Ultrasound examination will allow the vet to scan the tendon for damage. After treatment, it may be used to determine how well and at what pace, the tendon is healing. When a vet uses ultrasound, they are looking at the severity of the tear (is may be mild, moderate or severe?), where the tear is located and the percentage of tendon that is compromised.
Platelet rich plasma (PRP) is one of the newer treatment options for a tendon avulsion or avulsion fracture injury. It is a non-invasive procedure that is growing in popularity and acceptance amongst veterinarians and horse trainers and owners. PRP is a procedure which involves the use of a horse’s own blood for the purpose of treating its injuries. The procedure is pretty simple but in many cases, highly effective. To begin, blood is drawn from the horse. It is placed in a centrifuge machine which spins it, until all of its components are separated. Once the platelets are separated, they are removed and then re-injected into the horse, at the site of the injury.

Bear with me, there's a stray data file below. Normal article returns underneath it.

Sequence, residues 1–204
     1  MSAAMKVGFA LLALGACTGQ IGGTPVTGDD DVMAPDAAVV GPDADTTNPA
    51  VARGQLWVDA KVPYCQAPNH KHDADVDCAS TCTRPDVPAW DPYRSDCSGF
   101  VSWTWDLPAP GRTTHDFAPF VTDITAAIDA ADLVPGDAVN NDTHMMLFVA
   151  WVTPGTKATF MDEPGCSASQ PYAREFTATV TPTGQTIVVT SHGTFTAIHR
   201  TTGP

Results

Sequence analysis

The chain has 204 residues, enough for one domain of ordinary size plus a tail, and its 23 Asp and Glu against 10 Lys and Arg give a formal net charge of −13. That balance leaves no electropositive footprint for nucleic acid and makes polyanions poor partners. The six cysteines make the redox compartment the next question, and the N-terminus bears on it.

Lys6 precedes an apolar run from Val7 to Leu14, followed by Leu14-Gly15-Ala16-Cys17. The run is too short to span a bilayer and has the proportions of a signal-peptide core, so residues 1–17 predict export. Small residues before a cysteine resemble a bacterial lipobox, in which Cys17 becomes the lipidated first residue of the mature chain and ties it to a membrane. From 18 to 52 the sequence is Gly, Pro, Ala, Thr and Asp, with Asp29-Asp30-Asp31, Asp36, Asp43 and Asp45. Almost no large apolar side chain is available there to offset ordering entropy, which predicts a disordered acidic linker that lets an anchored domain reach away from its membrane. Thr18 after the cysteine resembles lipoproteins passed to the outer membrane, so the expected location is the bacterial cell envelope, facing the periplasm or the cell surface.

PRP is a good option for tendon avulsions and/or avulsion fractures because it can help speed up the healing process. Coming back from a severe avulsion and/or avulsion fracture can take some time. If an owner has some concerns about the length of time their horse will be out of commission and wants to shorten it as much as possible, for whatever reason, PRP therapy may be a good way to treat the injury, in conjunction with other forms of care.
In addition to PRP, a horse that has experienced a tendon avulsion and/or tendon fracture may be given anti-inflammatory medications. A common one is phenylbutazone. The injury will likely be bandaged, iced on a regular basis and the horse will be required to rest. Full stall rest may even be necessary. Controlled exercise will eventually be prescribed. Most horses will need at minimum, 3 months of restricted exercise. PRP therapy would be used in conjunction with the aforementioned, not in lieu of it.